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Bayern Munich needs to make the most of its chances: Afterthoughts from the Berlin loss

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Bayern’s missed opportunities had consequences

Hertha BSC v FC Bayern Muenchen - Bundesliga
BERLIN, GERMANY - SEPTEMBER 28: Players of Bayern Muenchen react during the Bundesliga match between Hertha BSC and FC Bayern Muenchen at Olympiastadion on September 28, 2018 in Berlin, Germany.
Hertha BSC v FC Bayern Muenchen - Bundesliga BERLIN, GERMANY - SEPTEMBER 28: Players of Bayern Muenchen react during the Bundesliga match between Hertha BSC and FC Bayern Muenchen at Olympiastadion on September 28, 2018 in Berlin, Germany.
(Photo by Boris Streubel/Bongarts/Getty Images)

Bayern Munich registered their first loss of the season by virtue of an underwhelming 2-0 defeat at the hands of Hertha Berlin at the Olympiastadion. Despite out-possessing, out-passing, and out-shooting Berlin, Bayern failed to make the most of their opportunities and were left to rue all of their missed chances. The frustration on the night grew increasingly evident with every shot that sailed high and/or wide of the target, and it was just one of those matches where nothing came off for Niko Kovač’s side.

CONVERT THE CHANCES, BOYS!

While Bayern were far from their best, they had a plethora of chances and were certainly scratching their respective heads in bemusement at the final whistle wondering how they didn’t have at least one goal to show for it. Per WhoScored, of the 25 shots that Bayern recorded, only five of them were on target, which translates to only 20% of Bayern’s shots having been on frame; an alarming statistic. In fact, no Bayern player had more than one shot on target, and Robert Lewandowski, David Alaba, and Serge Gnabry accounted for seven shots off target between the three of them.

FBL-GER-BUNDESLIGA-HERTHA BERLIN-BAYERM MUNICH
Bayern Munich's Polish forward Robert Lewandowski reacts during the German first division Bundesliga football match Hertha Berlin v Bayern Munich at the Olympic stadium in Berlin on September 28, 2018.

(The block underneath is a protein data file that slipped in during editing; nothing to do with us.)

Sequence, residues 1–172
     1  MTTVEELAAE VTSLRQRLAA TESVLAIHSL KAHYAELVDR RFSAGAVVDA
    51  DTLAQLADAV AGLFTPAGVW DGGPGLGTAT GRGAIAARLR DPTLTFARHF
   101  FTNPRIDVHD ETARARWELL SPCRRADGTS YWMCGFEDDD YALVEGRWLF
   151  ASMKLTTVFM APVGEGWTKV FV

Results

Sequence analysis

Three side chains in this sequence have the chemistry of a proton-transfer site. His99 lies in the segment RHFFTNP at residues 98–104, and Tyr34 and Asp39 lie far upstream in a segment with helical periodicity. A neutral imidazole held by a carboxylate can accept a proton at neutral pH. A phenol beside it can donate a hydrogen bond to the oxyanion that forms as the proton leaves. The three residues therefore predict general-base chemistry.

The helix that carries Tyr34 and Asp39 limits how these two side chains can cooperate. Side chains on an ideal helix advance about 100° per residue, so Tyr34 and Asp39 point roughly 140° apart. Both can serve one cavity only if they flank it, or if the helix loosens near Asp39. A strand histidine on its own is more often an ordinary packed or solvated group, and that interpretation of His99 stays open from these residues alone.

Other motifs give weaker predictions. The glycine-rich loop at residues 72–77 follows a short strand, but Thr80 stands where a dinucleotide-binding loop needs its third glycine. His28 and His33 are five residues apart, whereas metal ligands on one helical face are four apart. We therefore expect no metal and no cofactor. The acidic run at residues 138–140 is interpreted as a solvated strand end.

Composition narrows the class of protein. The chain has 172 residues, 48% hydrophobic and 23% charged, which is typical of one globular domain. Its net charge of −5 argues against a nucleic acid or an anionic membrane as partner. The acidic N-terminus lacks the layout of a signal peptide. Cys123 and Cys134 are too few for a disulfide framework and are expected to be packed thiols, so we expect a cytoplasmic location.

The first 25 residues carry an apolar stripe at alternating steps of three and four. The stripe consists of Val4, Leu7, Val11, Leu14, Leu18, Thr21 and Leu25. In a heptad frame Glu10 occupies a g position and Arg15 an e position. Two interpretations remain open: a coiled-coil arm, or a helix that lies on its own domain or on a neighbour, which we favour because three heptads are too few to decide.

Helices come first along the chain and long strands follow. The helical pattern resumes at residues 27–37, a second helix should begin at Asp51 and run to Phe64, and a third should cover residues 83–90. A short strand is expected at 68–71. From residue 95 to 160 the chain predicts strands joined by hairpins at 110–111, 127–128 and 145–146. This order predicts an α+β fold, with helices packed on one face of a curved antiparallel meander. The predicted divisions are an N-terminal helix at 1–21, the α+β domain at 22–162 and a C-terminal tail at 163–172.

The frustrated look on Lewandowski’s face says it all, really...
(Photo credit: ODD ANDERSEN/AFP/Getty Images)

By stark contrast, Berlin only registered a total of six shots, four of which were on target, meaning that they put approximately 67% of their shots on target, and scored twice. Completely opposite to Bayern, they made the most of the chances that fell their way and executed their limited attacks to perfection, following a blueprint that Augsburg had said with their 1-1 draw with Bayern earlier in the week. Hold a tight, deep, block, measure your runs forward, and make the most of the chances that come your way; that’s the name of the game when it comes to trying to get at Bayern for a majority of the clubs in the Bundesliga. Berlin exemplified that game plan with flying colors.

This chance from Robben midway through the first half just about summed it up:

Speaking after the match (via ESPN), Kovač said he liked some of the forward play he saw from his side, but admitted that the shooting was well below par:

We played good combinations. But right now we just don’t score any goals. That’s a problem. Still, I won’t paint everything black now. We just lack the goals, but we are working on it. It will get better. I can guarantee this. Things will turn around, and everything will be different. I am still relaxed.

Brief moments of complacency

Kovač was right to downplay Bayern’s perfect record prior to the Berlin match and his warning for his players not to get complacent has come full circle. To be fair, the match against Berlin did start relatively open with end-to-end action, but Jerome Boateng’s mis-timed challenge in the box that led to Vedad Ibisevic’s converted penalty seemed to be the sparking point for complacency to plague Bayern.

Boateng’s penalty-conceding infringement:

After going 1-0 up, Berlin’s confidence grew almost instantaneously and they were able to sniff out every moment to pounce on Bayern’s mistakes, whether it was intercepting a forced pass out of the back, suffocating the midfield, or springing counter attacks off of lazy passes from Bayern in the final third. Berlin’s second goal in the 44th minute also came off as a result of a few split seconds of lax defending from Boateng and Süle. Salomon Kalou received the ball out on the right flank, and was given plenty of time on the ball. The Ivorian’s sublime, outside of the foot pass to Valentino Lazaro left Boateng completely on his heels and Lazaro’s ball into the box was met by Ondrej Duda’s right boot. Both Süle and Renato Sanches were equally at blame for not tracking and/or getting in front of Duda’s run on time, and Bayern were made to pay for it; Duda made no mistake from close range.

Kovač has just a few days to get everything sorted before Bayern host Ajax at the Allianz Arena in the Champions League, followed by a Bundesliga clash against Borussia Monchengladbach before the international break. Hopefully the loss against Berlin was just a minor setback in what’s otherwise been a solid start to the season for Bayern.